Jasmijn Muller set to start LEJOG and 1,000 mile record attempts

READ ABOUT Jasmijn Muller's launch of her her attempt on the women's solo cycling records for Lands End to John O’Groats and for 1,000 miles.


Jasmijn Muller is about to embark on two record-breaking challenges. photo LeCol

CYCLIST Jasmijn Muller has decided to launch her attempt on the women’s solo cycling records for Lands End to John O’Groats and for 1,000 miles at 7am on Tuesday September 5.


If all goes to plan, the 38-year-old management consultant from London should cover the 841 mile trip, and 35,227 feet of climbing, in under 52 hours and 45 minutes, arriving at the top of Scotland by 11:45 am on Thursday breaking a record that has stood for 15 years.


Assuming favourable weather conditions and good progress, Muller hopes to continue her attempt by riding on to complete a distance of 1,000 miles and challenging the existing record of 64 hours and 38 minutes, which along with the LEJOG record, is currently held by Lynne Biddulph (nee Taylor).


Jasmijn Muller

Jasmijn will be raising money for Cancer Research UK. photo LeCol

Muller credits her inspiration to a meeting with Eileen Sheridan who set her own time of 59 hours and 7 Minutes in 1954. Sheriden’s own 1,000-mile record stood for 48 years until bettered by Lynne Taylor in 2002. After hearing the veteran cyclist talk at a local event, Jasmijn decided to set her sights on the challenge as a celebration of what can be achieved with determination and persistence.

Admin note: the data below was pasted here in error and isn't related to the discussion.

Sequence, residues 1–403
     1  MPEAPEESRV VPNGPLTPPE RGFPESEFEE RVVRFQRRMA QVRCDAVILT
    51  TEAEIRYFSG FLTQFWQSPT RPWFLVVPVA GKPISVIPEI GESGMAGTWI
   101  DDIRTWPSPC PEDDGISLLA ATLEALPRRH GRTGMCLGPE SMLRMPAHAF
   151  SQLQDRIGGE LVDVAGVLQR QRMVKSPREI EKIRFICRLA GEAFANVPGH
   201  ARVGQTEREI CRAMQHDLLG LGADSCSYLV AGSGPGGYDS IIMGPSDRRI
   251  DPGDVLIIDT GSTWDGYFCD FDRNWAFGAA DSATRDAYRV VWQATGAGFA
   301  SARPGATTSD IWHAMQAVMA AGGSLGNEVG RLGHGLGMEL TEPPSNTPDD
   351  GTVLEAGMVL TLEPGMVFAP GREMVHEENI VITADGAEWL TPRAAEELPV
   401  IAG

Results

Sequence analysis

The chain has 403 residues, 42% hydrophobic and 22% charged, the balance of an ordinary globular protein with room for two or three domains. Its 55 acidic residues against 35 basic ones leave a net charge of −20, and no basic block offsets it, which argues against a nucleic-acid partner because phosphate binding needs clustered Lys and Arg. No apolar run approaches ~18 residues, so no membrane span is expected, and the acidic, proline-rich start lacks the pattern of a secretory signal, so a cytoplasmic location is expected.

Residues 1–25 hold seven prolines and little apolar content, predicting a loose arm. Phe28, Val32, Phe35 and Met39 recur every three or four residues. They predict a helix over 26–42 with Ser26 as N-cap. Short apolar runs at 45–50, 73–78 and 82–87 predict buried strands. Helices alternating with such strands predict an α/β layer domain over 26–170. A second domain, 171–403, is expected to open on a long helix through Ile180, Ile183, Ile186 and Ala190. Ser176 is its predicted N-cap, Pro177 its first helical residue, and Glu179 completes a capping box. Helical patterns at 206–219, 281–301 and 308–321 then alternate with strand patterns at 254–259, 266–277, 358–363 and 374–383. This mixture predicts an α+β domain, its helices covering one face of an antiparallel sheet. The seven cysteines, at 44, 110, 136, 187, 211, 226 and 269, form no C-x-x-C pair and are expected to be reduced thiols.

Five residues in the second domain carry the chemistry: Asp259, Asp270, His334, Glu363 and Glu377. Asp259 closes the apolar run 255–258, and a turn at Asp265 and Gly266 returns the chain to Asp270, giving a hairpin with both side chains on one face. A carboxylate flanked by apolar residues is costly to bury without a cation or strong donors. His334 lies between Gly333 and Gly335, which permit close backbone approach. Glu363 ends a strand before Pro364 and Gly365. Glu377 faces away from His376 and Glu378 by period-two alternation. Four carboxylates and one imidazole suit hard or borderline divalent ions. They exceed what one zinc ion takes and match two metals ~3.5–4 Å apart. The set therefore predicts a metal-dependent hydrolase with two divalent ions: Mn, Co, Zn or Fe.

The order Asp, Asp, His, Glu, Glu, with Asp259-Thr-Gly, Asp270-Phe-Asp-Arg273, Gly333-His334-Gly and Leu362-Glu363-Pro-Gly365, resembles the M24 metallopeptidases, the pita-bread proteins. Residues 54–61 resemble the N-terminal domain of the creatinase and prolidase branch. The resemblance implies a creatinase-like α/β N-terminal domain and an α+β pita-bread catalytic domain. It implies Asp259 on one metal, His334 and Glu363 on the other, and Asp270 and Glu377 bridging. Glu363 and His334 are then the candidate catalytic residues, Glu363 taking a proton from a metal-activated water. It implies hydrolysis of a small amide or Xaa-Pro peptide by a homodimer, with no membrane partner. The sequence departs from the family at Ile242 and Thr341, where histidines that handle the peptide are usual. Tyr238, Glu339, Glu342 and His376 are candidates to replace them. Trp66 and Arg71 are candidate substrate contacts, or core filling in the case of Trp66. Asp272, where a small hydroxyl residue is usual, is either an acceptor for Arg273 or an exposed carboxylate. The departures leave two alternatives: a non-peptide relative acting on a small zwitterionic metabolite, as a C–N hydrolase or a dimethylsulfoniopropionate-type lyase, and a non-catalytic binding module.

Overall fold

She has chosen Cancer Research UK as the charity to support because of the admiration she holds for people enduring cancer and cancer treatment. It was a CRUK 100-mile bike ride in 2010 that drew her to cycling as a sport and is why Muller continues to raise funds for the charity each time she steps up her challenges to the next level.


Muller has prepared intensively for the record attempt, building on her experience as a long distance time trialler. This year alone she was the first woman in the National 24 Hour Time Trial Championships (being beaten only by two of the male riders), she set an endurance record on Zwift (the fixed training bike on-line game) and was the fastest female rider on London-Edinburgh-London, the 890 mile road cycling challenge.


Planning for the challenge has taken many months, involving scouting the route, identifying planned road works and thinking through the nutrition and hydration strategy. She is supported by a team on the road that includes mechanics, a paramedic and other experienced ultra-cyclists.


“For me, LEJOG isn’t just about breaking a record” says Muller “Everyone who has ever attempted the ride knows that it’s a test of who you are as much as of what you can do; I hope that I’ve got the same inner strength as the remarkable men and women who have taken on this challenge over the years; In turn, I hope that I can inspire others to challenge their own limits or enjoy the satisfaction of travelling from A to B under your own steam .”


Muller’s progress can be tracked on her website at www.lejogrecord.co.uk/followme. The website also includes an area where supporters can make donations.


Her support team will also be tweeting at @jasmijnmuller1 during the attempt and will pass on comments from well-wishers while she is on the road.

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